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Ralph Mathieu at Alternate Reality Comics. Photo by Jordan Tran.

Living in the Alternate
By Jordan Tran

WHAT is a man to do when he loves comics so much? The answer is simple: buy your own comic store, share the experience and keep on loving them.

Ralph Mathieu, 52, has been reading comics since 1975 and he has always wanted to do something within the comic industry.

“When I was younger I wanted to maybe write and draw, but I found I didn’t have the chops for that,” he said.

But that did not stop Mathieu from getting involved. In 1995, his friend worked in a store called Dungeon Comics and the second owner was selling the place for health reasons.

Mathieu jumped at the golden opportunity to be the new owner and has been for 19 years, eventually changing the name to Alternate Reality Comics.

“I always hated the name Dungeon Comics because it brought to mind role-playing games, which I have never been into, and a dark, dingy place,” he said.

The name was inspired by the popular alternate reality concept in fantasy and science fiction. And, to suggest the alternate side of comics.

For Mathieu, owning a comic book store is one of the best things to happen to him.

“It really is the dream,” he says. “I get up every morning and I love doing this and so few people are able to do something as their occupation, something they love. I realize I am very fortunate.”

Mathieu’s passions includes helping people out when they are trying to find something new and interesting to read and talking comics in general. He also enjoys being close to the university crowd from the adjacent University of Nevada, Las Vegas.

“In my store I represent, besides just the superhero comics, alternative comics,” Mathieu said. “I’ve always wanted to show that comics can tell any kind of story.”

Since Mathieu moved Alternate Reality Comics from its old location on Tropicana and Maryland Parkway to Flamingo and Maryland Parkway, he has been able to use the bigger space to great effect.

“In my new space, it allows me to have a little section in my store where I have monthly local artist spotlights,” he said. The space also allows him to have easier signings and the ability to host charity events.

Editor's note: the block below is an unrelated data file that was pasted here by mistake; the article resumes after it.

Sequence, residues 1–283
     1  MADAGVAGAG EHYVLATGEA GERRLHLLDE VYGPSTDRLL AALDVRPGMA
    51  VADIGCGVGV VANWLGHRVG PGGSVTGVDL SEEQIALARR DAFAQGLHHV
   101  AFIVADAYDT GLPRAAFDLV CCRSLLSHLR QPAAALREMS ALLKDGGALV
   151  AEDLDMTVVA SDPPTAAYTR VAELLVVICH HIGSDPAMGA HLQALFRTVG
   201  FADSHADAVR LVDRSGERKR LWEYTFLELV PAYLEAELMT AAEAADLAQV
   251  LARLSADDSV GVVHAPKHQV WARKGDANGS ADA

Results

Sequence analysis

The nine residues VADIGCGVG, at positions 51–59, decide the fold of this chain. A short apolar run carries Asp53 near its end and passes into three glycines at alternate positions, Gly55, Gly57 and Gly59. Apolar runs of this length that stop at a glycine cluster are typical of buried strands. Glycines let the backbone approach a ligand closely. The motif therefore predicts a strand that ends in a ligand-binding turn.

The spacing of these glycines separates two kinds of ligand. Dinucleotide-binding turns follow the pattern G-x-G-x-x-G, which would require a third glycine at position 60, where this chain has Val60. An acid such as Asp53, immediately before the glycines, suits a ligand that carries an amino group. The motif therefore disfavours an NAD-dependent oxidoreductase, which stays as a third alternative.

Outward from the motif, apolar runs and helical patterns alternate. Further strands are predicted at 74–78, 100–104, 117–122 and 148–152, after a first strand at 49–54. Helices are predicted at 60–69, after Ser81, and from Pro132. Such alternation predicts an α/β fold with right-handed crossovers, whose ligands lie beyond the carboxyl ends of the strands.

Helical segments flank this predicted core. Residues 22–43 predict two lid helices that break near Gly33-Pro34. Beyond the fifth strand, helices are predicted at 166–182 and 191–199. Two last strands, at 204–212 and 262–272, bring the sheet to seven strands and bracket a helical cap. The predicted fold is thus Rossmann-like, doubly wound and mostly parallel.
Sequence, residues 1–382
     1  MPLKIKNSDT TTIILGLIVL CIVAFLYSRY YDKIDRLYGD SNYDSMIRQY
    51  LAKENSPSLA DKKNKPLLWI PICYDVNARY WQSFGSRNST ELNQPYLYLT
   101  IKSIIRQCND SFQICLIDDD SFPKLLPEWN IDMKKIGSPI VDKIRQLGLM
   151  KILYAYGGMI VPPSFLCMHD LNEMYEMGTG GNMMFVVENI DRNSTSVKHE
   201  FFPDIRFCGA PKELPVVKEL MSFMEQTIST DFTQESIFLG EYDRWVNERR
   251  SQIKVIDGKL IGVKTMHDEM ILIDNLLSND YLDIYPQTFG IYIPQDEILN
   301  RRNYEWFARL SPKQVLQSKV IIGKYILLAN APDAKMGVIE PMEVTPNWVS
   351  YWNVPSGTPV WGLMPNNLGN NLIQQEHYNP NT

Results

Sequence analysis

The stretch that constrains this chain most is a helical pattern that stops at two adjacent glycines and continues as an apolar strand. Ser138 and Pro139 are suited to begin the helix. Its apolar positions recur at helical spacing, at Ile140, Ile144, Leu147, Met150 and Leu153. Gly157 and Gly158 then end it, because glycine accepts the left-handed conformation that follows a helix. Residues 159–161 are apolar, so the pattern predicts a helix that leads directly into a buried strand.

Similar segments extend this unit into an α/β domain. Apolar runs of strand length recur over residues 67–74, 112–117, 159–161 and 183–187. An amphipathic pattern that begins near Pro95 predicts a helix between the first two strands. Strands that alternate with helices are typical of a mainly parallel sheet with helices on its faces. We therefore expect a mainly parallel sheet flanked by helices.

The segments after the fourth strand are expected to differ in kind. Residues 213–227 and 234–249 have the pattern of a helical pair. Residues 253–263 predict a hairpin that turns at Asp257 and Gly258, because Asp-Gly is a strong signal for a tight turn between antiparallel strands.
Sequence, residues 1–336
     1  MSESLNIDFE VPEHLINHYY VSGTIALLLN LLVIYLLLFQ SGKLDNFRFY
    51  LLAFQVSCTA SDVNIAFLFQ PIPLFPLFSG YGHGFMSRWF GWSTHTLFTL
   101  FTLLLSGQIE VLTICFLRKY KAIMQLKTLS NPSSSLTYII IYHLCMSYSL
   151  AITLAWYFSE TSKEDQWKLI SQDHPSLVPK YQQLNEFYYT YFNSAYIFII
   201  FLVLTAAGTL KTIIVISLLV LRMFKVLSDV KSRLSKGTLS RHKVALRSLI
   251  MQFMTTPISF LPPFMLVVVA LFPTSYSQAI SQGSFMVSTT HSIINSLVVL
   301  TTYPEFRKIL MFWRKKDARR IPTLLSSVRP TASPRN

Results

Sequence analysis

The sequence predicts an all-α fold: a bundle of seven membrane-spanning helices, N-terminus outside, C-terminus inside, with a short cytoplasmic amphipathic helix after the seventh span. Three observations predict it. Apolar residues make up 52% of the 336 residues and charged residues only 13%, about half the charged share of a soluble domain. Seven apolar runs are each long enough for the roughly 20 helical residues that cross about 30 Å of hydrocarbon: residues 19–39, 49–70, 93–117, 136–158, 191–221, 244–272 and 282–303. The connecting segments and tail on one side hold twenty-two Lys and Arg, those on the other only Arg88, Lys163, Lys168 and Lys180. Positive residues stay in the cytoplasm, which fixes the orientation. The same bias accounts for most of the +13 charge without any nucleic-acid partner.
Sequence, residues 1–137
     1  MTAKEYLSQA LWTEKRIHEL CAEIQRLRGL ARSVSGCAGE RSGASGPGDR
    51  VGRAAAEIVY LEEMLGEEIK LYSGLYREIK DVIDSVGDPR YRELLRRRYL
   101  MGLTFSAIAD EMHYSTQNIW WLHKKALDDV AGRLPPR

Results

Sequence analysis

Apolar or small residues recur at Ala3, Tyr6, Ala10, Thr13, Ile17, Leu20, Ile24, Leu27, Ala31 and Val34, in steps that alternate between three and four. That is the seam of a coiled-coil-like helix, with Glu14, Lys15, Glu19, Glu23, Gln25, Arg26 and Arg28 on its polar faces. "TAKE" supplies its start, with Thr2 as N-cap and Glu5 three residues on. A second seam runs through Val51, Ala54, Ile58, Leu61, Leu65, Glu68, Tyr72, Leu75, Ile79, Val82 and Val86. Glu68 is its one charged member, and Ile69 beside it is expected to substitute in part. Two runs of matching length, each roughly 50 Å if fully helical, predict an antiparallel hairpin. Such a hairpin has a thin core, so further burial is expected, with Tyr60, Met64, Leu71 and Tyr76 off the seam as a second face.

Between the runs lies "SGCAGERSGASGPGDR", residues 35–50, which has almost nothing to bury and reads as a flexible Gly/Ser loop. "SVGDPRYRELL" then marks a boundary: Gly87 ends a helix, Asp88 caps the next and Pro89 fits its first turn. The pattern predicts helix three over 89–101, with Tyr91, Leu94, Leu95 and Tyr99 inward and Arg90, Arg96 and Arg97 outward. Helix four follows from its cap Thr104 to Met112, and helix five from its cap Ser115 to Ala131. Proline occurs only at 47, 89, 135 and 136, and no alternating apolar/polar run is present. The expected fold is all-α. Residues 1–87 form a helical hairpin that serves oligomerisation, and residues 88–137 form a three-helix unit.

The store is so important to Mathieu that he prefers having just one location where he can be there and help out.

“I like being in the store, I don’t like having too many variables going on,” Mathieu said. “I just like the interaction with people and one store is enough for me.”

UNLV student and comics enthusiast Allen Schmidt notices Mathieu’s hard work whenever he comes to the store.

“Not only does he own a successful small comic book store, but he’s interactive within the community,” Schmidt said. “To him, it’s not just about the business, it’s about establishing connections with his customers and making them feel important.”

Chris Prieto, a fellow UNLV student and comics fan, was also pleased with how Mathieu interacts with his customers.

“He really cares about what he does and cares about his customers,” Prieto said. “He takes a genuine interest and tries to help them as best as he can which then creates a comfortable and overall friendly atmosphere at his shop.”

Alternate Reality Comics is a huge part of Mathieu’s life as it was where he met his future wife. They met in the store and have been married since 1997.

“I proposed to her in the letter page of Vertigo’s Preacher [Issue 26].” Mathieu says. “Garth [Ennis], the writer, this is largely before the internet back in 1997, we got to visit with him at a couple of San Diego conventions. And he did a cross-country tour of the U.S. in September of 1996 so I wrote him this letter in November of 1996.”

He continues, “He answers his own letter page, usually the editor did that, but because it was a creator-owned book, he liked the interaction with his fans. I wrote him this letter and said, ‘Can I propose to Kate in the letter page?’ and he calls me two weeks later from Ireland, ‘Oh sure!’”

“Back then it would take four or five months from the time you wrote a letter from the time it got published,” he finishes, “So I didn’t tell any of my friends or anybody because I didn’t want it to leak out. And then [Preacher] number 26 came out April of 1997. She picks it up, flips through it, her eyes don’t lock on the letter page, but I knew she would read it. She takes them home, half-hour later she comes back, ‘Of course I will!’ and here we are.”

What’s next for Mathieu and Alternate Reality Comics? Besides the 20th anniversary of the store next year, he hopes to stay the course and keep doing what he loves.

“I live and breathe comics and I love introducing new books to people and sharing the love of comics,” Mathieu said. “As long as comics are around, I’ll be here to sell them.”

Alternate Reality Comics can be found at 4110 S. Maryland Parkway #8. Mathieu’s wife Katherine’s web zine can be found at www.sequentialtart.com/.

Jordan Tran is a Journalism major at UNLV, enrolled this semester in Mary Hausch’s Advanced Reporting Class in the Hank Greenspun School of Journalism and Media Studies. He  is an aspiring journalist with interests in film, comics and electronic media. He knows a little bit about a variety of things and enjoys watching bad movies and playing board games with his friends.

 

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